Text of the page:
Thank you for calling. Right.Beate Chelette:
And then just let it rip on you. So if you understand the mindset of the person, so this is then a mother of two right. So she's completely stressed out. So what can I give her that gets her in a better mindset? Well, I wanna remind her that it is her two children that she puts up with all this nonsense. So how can I put these two beautiful children in front of her? You know, would she want that on a calendar? Would she want that on a phone? Would she want that in a phone case? Would she want that as little VIP buttons to give out? I mean, whatever that might be. So that's how you need to start thinking. How can I help people to get what they believe in in front of more people, to get them in a state of mind that they need to be in?Gary Pageau:
Right, because I think traditionally, like for most of the segment for this audience the photo lab, the printer things they tend to be very production-orientated. Right, we can now make this on this surface and it's great, people will want it. But they really don't know, right? No, I mean because they don't. I mean I think a lot of stuff is great that people make, right, I mean the printing on bamboo and ceramic and metal and canvas. This is all great stuff. No one's ever asked for that. No, no one's ever said I want this. What are some of the ways that someone may test out some of these ideas? When they come up with maybe a new process, they say, no, this might be a new hot thing. How can they kind of test it out there? Even if they're not even national, I'll tell you they're in a local market where they want to try it out.Beate Chelette:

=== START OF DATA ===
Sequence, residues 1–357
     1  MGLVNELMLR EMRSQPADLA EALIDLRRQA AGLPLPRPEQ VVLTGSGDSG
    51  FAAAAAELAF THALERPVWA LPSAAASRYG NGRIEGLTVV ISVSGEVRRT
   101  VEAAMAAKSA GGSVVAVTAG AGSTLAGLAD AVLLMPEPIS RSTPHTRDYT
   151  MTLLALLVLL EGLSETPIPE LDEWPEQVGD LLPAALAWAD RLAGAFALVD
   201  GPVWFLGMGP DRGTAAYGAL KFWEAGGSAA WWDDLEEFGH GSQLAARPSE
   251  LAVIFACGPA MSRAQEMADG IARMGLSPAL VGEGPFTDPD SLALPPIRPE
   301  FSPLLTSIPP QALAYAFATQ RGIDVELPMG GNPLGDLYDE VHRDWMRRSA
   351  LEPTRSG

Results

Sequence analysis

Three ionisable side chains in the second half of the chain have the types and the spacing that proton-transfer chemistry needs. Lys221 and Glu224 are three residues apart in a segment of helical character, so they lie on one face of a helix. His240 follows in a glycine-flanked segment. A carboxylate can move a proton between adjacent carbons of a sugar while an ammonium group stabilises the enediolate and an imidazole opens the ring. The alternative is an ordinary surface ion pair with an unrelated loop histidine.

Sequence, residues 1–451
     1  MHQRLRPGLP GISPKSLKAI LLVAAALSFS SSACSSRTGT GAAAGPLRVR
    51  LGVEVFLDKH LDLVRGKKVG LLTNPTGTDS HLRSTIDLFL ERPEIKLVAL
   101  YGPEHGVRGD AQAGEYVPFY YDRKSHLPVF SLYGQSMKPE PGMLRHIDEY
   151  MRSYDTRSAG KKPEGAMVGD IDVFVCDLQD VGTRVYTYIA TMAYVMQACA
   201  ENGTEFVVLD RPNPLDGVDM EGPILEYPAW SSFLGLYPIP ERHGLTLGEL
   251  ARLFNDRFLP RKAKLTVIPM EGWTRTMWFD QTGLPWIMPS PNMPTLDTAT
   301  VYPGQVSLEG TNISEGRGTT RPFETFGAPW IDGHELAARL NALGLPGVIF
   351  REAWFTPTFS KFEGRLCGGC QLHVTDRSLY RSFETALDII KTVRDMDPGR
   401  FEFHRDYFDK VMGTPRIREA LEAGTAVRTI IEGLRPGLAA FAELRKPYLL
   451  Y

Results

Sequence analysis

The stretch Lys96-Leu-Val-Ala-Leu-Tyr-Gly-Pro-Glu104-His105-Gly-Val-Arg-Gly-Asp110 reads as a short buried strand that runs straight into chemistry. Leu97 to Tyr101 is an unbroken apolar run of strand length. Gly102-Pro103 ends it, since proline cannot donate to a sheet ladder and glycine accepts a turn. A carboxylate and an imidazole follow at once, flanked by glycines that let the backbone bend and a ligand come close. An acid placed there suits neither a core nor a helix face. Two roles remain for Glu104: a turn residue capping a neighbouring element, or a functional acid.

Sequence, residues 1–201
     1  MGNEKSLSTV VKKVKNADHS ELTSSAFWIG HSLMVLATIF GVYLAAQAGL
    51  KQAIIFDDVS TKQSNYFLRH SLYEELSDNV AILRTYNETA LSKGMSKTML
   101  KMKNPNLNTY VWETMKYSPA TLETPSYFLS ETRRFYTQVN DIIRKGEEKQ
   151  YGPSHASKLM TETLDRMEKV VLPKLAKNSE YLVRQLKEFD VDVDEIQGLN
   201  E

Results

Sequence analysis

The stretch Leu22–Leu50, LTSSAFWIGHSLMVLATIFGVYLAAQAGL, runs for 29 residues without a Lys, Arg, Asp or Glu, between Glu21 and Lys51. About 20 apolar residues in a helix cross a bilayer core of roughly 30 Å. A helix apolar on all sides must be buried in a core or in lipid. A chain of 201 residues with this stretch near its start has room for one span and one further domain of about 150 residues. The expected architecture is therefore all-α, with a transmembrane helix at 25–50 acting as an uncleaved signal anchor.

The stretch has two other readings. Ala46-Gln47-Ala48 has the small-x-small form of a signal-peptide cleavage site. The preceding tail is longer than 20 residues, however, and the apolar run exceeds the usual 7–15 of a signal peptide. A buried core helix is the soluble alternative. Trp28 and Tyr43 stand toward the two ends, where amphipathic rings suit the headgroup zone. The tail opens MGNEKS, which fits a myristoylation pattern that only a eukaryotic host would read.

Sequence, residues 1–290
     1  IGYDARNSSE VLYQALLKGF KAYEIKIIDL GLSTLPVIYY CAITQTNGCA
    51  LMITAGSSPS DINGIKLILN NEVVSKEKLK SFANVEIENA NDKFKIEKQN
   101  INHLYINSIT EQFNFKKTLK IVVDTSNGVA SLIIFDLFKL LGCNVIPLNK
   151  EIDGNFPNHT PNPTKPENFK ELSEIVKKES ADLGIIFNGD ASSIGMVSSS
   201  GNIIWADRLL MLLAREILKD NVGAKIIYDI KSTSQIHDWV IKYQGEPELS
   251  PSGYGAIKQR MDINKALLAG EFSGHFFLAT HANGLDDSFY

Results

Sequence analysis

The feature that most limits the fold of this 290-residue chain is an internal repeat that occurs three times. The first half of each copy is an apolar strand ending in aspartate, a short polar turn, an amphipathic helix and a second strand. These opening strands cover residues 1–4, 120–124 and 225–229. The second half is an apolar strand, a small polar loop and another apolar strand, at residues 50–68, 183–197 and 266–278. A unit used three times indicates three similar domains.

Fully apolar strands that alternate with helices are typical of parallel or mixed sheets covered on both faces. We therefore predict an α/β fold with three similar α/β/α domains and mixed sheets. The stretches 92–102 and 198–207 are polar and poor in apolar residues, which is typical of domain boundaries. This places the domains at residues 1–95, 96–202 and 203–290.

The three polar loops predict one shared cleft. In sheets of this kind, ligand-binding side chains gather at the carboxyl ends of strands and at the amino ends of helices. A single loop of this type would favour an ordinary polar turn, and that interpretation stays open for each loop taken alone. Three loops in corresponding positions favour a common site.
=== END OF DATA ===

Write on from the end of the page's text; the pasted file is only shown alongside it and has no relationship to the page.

Yeah, Well, the way you do it is you have to think about this in three categories, Right? The one category is that the problem that they're having. The second thing is what you are offering and the third thing is the outcome. And then you have to talk about that the problem that they're having and the outcome that they want, and then make your product the vehicle.Gary Pageau:
But you can't talk about your product.Gary Pageau:
You have to say that a woman like this, just to say within the example, she does not believe in the traditional former Walmart target photo studio, mall photo studios, regular family portraits where everybody wears a white shirt and blue jeans.Gary Pageau:
That doesn't go any longer with that, but she's not.Beate Chelette: